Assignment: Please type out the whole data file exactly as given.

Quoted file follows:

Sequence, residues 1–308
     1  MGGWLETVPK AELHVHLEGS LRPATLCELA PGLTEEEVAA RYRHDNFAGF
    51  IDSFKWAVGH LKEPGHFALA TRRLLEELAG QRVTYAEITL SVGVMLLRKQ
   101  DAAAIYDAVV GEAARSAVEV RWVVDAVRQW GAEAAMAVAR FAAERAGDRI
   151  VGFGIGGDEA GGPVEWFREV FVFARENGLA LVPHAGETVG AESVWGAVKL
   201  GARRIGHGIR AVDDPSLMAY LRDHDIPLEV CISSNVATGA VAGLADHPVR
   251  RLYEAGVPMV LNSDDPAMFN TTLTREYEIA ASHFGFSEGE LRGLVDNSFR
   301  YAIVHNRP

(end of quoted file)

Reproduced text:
Sequence, residues 1–308
     1  MGGWLETVPK AELHVHLEGS LRPATLCELA PGLTEEEVAA RYRHDNFAGF
    51  IDSFKWAVGH LKEPGHFALA TRRLLEELAG QRVTYAEITL SVGVMLLRKQ
   101  DAAAIYDAVV GEAARSAVEV RWVVDAVRQW GAEAAMAVAR FAAERAGDRI
   151  VGFGIGGDEA GGPVEWFREV FVFARENGLA LVPHAGETVG AESVWGAVKL
   201  GARRIGHGIR AVDDPSLMAY LRDHDIPLEV CISSNVATGA VAGLADHPVR
   251  RLYEAGVPMV LNSDDPAMFN TTLTREYEIA ASHFGFSEGE LRGLVDNSFR
   301  YAIVHNRP